Giant grins to taut tummies: watching NFL cheerleaders on TV, it's easy to think they're naturally that svelte and perky. But as I learned when I got to be a Minnesota Vikings cheerleader (for two hours), those girls work hard to sculpt their bodies, and they work even harder to make it look so effortless!
When the squad first invited me to one of their training sessions, I wasn't sure what to expect. Was it going to be an hour of splits and kick lines? (I'd have been down for that. I love kicking stuff!) Two hours of boot camp craziness? Or, heaven forbid, a replay of my intensely awkward high school years where I did everything I could to avoid cheerleaders? In the end, it was one of the most fun evenings I've ever had! Here's what I learned:
Lesson 1: Look the part. I didn't realize until my (short) stint as a cheerleader that I've been taking hair ties for granted. Do you know how hard it is to get down and sweaty with your hair in your face? Not only do the girls have to keep their hair loose, they're also required to wear dance tights and Viking Red lipstick to every single workout. The goal is to get them used to working out "in uniform" so that when they add the pressure of game day, they'll still be comfortable.
The strangest part: By the end of the workout, I was a sweaty mess with my hair glued to my forehead and mascara smudged across my face, but they all looked pristine. Steve Rosga, head trainer and program manager, explains that they train hard so that the girls can do it all and make it look easy. "They can't show [the crowd] that they're tired or that they're working hard."
Lesson 2: Pro cheerleaders are high-performance athletes. Kaylee, a four-year veteran and team captain, says, "A lot of people hear 'cheerleader' and think pageant girl or bimbo, but we are so different than that! This is the hardest workout I've ever done in my life. On game days we're moving for three hours straight, dancing every break and trying to get the crowd involved."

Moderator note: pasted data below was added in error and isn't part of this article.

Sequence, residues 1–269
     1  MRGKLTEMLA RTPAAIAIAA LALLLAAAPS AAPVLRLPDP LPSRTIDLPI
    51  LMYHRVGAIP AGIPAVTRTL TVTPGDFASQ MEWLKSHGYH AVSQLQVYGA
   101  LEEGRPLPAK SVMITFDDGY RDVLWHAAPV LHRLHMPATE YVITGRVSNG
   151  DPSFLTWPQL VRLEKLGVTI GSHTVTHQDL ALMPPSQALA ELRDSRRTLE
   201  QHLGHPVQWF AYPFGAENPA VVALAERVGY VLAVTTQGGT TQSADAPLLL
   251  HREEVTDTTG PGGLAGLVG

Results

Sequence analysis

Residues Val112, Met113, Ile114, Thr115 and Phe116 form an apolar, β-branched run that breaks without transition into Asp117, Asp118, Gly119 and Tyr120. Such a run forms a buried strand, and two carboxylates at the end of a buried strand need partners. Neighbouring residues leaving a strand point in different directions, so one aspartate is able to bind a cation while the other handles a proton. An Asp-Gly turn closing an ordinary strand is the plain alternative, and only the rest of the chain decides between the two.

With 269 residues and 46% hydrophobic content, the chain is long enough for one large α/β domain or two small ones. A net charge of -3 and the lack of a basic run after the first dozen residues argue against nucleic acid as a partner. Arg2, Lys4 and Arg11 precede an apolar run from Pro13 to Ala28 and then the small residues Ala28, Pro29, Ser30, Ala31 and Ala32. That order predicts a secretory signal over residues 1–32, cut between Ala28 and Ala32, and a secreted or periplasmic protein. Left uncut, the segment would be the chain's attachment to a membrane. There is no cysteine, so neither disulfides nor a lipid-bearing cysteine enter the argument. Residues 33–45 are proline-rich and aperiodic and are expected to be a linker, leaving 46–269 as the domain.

Lesson 3: Fit is strong, not skinny. "We want our girls to look like women," says Tami Krause, head coach and coordinator. "For us, fitness is not about being skinny but about being strong, having stamina, staying injury free, and being energetic. You need muscles for that! People think cheerleaders don't eat, but these girls can eat a horse! They just choose to eat the right things most of the time."
Lesson 4: "A tight butt is a tight gut." This is one of trainer Ryan Svenby's favorite sayings. It emphasizes the underlying theory of the workouts: to build proper motion patterns, ingrain good form, and correct any muscular imbalances, in addition to getting stronger and faster. The core (which involves your whole trunk, not just the abs you can see in the mirror) is the center of every movement. "You have to stabilize before you can mobilize," Rosga adds.
Ready to try their full workout? The Vikings cheerleaders gave me an inside look at the training plan they do two to three times a week, followed by one to two hours of dance rehearsals. Even if you don't need to prep for the sidelines, Rosga and Svenby recommend a similar schedule of two or three days of strength training with an additional two or three cardio workouts.